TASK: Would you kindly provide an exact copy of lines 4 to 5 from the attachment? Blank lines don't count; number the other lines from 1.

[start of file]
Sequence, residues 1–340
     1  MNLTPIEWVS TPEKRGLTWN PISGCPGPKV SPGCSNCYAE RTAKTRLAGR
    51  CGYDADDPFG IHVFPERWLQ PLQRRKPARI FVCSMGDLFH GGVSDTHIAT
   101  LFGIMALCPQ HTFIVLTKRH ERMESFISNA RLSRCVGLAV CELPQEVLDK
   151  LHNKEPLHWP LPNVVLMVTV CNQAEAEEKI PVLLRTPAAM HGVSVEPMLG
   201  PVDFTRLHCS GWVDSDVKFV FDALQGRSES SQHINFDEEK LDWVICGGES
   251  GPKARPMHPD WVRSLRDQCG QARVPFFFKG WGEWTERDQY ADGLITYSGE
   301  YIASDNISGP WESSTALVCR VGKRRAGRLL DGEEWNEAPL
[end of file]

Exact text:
   101  LFGIMALCPQ HTFIVLTKRH ERMESFISNA RLSRCVGLAV CELPQEVLDK
   151  LHNKEPLHWP LPNVVLMVTV CNQAEAEEKI PVLLRTPAAM HGVSVEPMLG